Victor Herbert

Arguably the most important theatrical composer of the early 1900s, Victor Herbert was an important link connecting the European musical style of old with the Tin Pan Alley sounds of turn of the century Manhattan. He was among the first to embrace technological advances of the day, as well as an advocate for composer’s rights.

Born in Dublin, Ireland in 1859, Herbert’s father passed away when he was very young, leaving him to spend his formative years in Kent, England with his grandmother and grandfather, noted novelist and songwriter Samuel Lover. In 1867, his mother married a German physician, and the two were reunited in Stuttgart, where his musical education began. A standout cellist, Herbert studied at the Stuttgart Conservatory, and performed in orchestras throughout Europe. The light music he performed with the Strauss Orchestra in Vienna, under the direction of Eduard Strauss, left a lasting impression and later became one of his musical calling cards.

Returning to Stuttgart to perform with the court orchestra, Herbert married soprano Therese Förster from the court opera. A well known musician in her own right, Förster was offered the lead in New York’s Metropolitan Opera Company’s first production of Verdi’s Aida. Relocating to the United States would prove to be a big step, and in a bold move, Madame Förster-Herbert refused to sign a contract unless her husband was offered a place in the Met Orchestra. Herbert made a mark in his new country with ease, playing with the New York String Quartet and succeeding the great Patrick Gilmore as conductor of the 22nd Regimental Band of the New York National Guard.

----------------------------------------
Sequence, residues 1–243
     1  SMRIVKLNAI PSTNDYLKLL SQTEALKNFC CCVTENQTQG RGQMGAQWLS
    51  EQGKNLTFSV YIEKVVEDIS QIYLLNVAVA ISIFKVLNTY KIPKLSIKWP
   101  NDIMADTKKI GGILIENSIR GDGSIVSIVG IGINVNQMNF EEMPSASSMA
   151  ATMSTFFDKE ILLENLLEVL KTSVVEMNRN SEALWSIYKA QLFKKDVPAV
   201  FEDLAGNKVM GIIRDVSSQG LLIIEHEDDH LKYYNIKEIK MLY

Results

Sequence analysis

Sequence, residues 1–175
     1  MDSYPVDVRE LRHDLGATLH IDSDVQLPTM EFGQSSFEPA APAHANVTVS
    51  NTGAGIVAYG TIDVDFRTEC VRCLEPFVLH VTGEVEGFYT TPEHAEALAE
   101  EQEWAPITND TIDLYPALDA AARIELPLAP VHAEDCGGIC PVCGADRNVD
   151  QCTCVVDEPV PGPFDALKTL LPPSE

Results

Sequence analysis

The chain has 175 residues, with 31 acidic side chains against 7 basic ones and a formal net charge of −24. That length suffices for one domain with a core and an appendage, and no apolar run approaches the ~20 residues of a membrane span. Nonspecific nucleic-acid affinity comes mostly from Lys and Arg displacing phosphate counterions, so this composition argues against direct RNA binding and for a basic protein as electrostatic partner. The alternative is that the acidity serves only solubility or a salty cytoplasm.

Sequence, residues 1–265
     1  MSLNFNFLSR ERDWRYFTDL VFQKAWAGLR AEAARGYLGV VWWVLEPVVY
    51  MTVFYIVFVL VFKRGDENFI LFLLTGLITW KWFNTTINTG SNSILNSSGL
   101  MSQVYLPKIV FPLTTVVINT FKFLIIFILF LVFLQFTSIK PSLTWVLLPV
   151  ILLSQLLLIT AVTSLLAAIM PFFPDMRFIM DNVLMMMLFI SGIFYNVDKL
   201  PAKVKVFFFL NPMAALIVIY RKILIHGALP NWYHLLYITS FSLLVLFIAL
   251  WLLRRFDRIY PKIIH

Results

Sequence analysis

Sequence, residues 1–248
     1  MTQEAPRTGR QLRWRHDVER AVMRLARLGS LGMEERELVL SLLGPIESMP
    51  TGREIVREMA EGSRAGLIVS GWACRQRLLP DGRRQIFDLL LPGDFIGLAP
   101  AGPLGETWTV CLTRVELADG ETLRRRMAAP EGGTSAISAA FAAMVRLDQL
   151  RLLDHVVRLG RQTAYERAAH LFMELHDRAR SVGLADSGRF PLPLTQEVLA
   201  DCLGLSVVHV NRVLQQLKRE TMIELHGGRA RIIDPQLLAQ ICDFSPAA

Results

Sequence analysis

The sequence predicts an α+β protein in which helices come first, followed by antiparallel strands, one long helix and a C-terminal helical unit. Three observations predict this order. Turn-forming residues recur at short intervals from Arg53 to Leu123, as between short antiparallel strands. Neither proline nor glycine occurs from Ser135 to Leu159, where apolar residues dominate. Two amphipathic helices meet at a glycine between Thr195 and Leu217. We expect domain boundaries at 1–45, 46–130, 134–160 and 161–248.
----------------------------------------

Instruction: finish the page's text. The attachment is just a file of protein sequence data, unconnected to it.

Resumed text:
He completed his first operetta in 1894, Prince Ananias, followed by The Wizard of the Nile, his first international success, a year later. Though his wife would step out of the limelight, she would continue to be his muse, as many of his operettas showcased soprano talent. Herbert was now the toast of Broadway, and enjoyed the clout that came with it. His light opera work not only recalled the Viennese tradition of old, it also featured a light hearted “Americanized” sense of humor.

In 1898, Herbert began a four year run as conductor of the Pittsburgh Symphony, touring the United States and guiding its evolution into a world class orchestra. 1903’s Babes in Toyland fostered the beginning of a string of musicals, including Mile. Modiste, The Red Mill, and Naughty Marietta, making Herbert a household name. Herbert founded the Victor Herbert Orchestra, which toured extensively and was among the first to produce commercially available phonographic recordings for the Eldridge R. Johnson’s Victor Talking Machine Company (now RCA Victor).

Although light opera made up the bulk of Herbert’s repertoire, he wrote volumes of works in a variety of genres. In all, he composed 43 operettas, 31 pieces for orchestra, nine band compositions, numerous works for individual instruments, a cantata, incidental music for the Ziegfeld Follies, and two full operas, including Natoma, which marked the debut of legendary Irish tenor John McCormack.

Herbert testified before Congress in an effort to establish the collection of royalties from sound recordings on behalf of composers, resulting in The Copyright Law of 1909. Five years later, he furthered the campaign as a founding member of The American Society of Composers, Authors, and Publishers (ASCAP), which he served as vice-president for a decade.

In true trailblazing spirit, Herbert was the first composer to write a musical score exclusively for American cinema, the 1916 silent film The Fall of a Nation. Continuing his stage work, a lifelong dream to compose an Irish operetta was realized with the 1917 production of Eileen (aka The Hearts of Erin), based on the Irish Rebellion of 1798. The last work Herbert premiered in his lifetime, A Suite of Serenades, featured a symbolic changing of the guard. Taking place at New York’s Aeolian Hall during the famous Experiment in Modern Music concert in 1924, the program also featured the legendary premier of George Gershwin’s Rhapsody in Blue. A few short months later, Victor Herbert suffered a fatal heart attack. His final work, The Dream Girl, was produced posthumously.

Not only did Herbert play an important role in shaping modern music business practices, but many of his stage works are still performed and his style served as a foundation for the composers of The Great American Songbook, securing his legacy in the annals of music history.

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